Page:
Scott Joplin was born in 1868 or thereabouts. Probably in Texarkana, probably on the Arkansas side. His father was a railway worker and for a while he was one also, though eventually he was able to begin making a career he preferred as a music teacher. Then he became a performer and a composer of songs in the form that we know as ragtime. When Joplin published “Maple Leaf Rag” in 1899 he grew relatively wealthy and was recognized as the greatest exponent of ragtime music. However, the popularity of ragtime began to wane and Joplin’s career tailed off. He died of syphilis in 1916, in a New York hospital, and was soon completely forgotten.
So things remained for half a century. But then, in 1970, a classical pianist named Joshua Rifkin released a record called Scott Joplin Piano Rags on the Nonesuch album label. Nonesuch was a classical label, which is fitting because Joplin thought of ragtime as a kind of classical music. Rifkin’s record was unexpectedly popular, ultimately becoming the first million selling record on Nonesuch, and it reintroduced Joplin’s music to the American public. This recovery was greatly aided by the appearance of one of Joplin’s rags, “The Entertainer,” in Marvin Hamlisch’s score for the movie The Sting. (An anachronistic choice, since the movie was set in the 1930s.) It was soon discovered that Joplin had written a great deal of music, including two operas, one of which was performed in his lifetime but was later lost. (The manuscript was confiscated after Joplin had become ill and unable to pay his debts.) The other one – a story about the importance of education in the Black community – survived, and was structurally and melodically complete, but had never been scored. Gunther Schuller orchestrated this opera, called Treemonisha, and had it performed in 1978. The resurrection of Scott Joplin as a major American composer would thus seem to be complete.
But here another character enters the scene, a man named Rick Benjamin (not Franklin, as I wrote in a draft of this newsletter that somehow got published – apologies to Mr. Benjamin). When Benjamin was a student at Julliard in the late 1970s, he discovered in a building about to be torn down thousands of musical scores that had belonged to the Victor Company – the biggest publisher of music in the early twentieth century. Benjamin was fascinated by much of this newly-recovered music and gathered a group of Juilliard students to perform some of it. A recording someone made of that performance on a cheap cassette fell into the hands of a record producer, who was quite interested. So Benjamin created the Paragon Ragtime Orchestra, which then recorded its first album. Paragon is still around and Benjamin is still leading it.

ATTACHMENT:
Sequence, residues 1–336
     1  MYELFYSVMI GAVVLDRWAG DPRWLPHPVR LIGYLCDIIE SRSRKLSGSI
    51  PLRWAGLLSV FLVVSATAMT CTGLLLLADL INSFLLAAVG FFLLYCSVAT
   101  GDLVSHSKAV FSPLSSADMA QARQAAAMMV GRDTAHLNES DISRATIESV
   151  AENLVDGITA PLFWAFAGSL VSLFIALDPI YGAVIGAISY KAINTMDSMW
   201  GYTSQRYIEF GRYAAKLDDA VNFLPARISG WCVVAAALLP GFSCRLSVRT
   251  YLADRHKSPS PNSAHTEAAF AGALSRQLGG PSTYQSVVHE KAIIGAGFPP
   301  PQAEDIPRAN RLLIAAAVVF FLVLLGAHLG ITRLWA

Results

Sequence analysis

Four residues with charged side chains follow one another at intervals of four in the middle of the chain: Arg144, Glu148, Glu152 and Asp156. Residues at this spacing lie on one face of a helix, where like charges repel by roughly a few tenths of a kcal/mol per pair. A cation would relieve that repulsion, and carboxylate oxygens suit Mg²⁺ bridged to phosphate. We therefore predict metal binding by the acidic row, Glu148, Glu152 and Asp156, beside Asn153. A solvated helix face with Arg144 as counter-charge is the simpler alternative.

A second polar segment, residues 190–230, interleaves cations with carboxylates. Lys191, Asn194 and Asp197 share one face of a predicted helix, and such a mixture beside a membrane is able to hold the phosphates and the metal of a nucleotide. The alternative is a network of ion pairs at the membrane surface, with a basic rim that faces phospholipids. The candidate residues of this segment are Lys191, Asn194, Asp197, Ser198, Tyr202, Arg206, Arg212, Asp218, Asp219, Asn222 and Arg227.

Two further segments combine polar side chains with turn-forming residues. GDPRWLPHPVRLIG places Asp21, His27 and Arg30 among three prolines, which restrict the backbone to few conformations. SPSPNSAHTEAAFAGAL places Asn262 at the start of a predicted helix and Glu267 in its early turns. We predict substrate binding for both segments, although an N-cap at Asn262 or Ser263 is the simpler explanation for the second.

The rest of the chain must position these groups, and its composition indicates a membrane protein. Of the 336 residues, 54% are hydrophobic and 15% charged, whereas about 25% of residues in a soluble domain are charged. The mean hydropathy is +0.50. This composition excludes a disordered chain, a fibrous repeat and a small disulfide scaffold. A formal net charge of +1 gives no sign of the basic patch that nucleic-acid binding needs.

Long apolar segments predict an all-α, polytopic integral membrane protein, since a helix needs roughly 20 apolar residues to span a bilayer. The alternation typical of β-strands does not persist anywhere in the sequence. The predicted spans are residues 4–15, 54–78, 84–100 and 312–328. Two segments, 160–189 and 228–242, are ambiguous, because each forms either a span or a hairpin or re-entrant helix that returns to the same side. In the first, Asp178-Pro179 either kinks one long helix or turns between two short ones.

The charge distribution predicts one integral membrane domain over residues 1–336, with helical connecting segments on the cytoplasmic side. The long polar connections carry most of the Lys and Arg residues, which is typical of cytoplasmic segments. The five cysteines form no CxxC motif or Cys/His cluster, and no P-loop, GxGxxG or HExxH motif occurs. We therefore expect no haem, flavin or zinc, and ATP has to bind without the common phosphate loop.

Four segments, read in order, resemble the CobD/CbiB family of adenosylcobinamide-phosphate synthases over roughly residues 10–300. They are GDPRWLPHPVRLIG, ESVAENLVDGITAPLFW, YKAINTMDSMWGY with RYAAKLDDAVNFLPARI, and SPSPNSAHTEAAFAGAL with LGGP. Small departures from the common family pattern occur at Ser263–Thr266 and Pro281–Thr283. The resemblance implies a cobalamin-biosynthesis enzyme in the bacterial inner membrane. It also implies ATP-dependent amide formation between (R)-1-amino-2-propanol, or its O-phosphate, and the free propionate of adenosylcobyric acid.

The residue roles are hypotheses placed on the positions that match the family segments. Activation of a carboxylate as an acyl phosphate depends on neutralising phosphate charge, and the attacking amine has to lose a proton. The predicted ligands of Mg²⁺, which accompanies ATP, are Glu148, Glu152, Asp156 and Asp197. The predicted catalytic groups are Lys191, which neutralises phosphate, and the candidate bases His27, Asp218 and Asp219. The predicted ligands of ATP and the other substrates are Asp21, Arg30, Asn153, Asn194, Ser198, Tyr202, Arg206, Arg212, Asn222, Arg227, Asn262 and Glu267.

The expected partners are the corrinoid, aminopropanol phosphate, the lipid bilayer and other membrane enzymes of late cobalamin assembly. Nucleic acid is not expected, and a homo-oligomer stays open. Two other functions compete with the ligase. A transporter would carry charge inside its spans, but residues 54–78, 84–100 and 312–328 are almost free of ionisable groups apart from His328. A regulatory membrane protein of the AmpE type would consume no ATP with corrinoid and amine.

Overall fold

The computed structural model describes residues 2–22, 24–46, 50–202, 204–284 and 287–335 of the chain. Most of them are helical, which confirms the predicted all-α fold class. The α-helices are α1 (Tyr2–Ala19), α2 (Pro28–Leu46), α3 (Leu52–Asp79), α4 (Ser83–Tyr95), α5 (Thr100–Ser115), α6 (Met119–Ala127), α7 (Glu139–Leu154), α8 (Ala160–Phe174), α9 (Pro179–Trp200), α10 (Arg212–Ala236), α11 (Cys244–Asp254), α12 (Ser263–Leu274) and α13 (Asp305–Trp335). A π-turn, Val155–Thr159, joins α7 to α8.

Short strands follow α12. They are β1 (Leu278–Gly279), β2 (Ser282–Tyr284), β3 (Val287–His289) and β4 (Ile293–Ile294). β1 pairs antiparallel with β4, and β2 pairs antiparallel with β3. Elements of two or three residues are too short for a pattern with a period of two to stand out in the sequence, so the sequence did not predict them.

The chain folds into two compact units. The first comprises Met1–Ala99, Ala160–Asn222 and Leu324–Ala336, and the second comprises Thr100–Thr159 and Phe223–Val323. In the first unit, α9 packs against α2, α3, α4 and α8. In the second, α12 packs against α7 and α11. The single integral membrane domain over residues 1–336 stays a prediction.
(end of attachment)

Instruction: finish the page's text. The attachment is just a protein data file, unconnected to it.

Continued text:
Benjamin never liked Gunther Schuller’s orchestration of Treemonisha; it was done on the scale of nineteenth century grand opera, which Benjamin believed was a form completely unknown to Joplin. Joplin’s lost opera, A Guest of Honor, appears to have been performed by the kind of pit orchestra that would have been commonplace in the theaters of Joplin’s time, and for which Joplin himself both performed and wrote: eleven or twelve musicians, not a vast modern symphony orchestra. Indeed, it’s quite unlikely that Scott Joplin as a Black man would ever have been allowed to hear a grand opera performed.
So Benjamin re-orchestrated Treemonisha for the kind of ensemble that Joplin would have known. I’ve been listening to Benjamin’s version lately, and it’s just wonderful. This of course may not be everyone’s kind of thing, but it highlights a kind of chamber music that sits at the junction of popular song, classical song, and what would later become jazz. To me, it’s a great delight.
I should add that I’m kind of a sucker for these smaller orchestrations. I am inclined to think that the rise of the big Mahleresque orchestra was a mistake. Music made by such a vast army always feels bombastic to me. I love the historically-informed-performance versions of Handel’s Messiah. I love the original version of Copland’s Appalachian Spring, scored for just thirteen players. I even love Lizst’s piano reductions of Beethoven’s symphonies – especially the ones performed by Glenn Gould. Rick Benjamin’s Treemonisha fits very much in that tradition of great effects produced on a modest scale.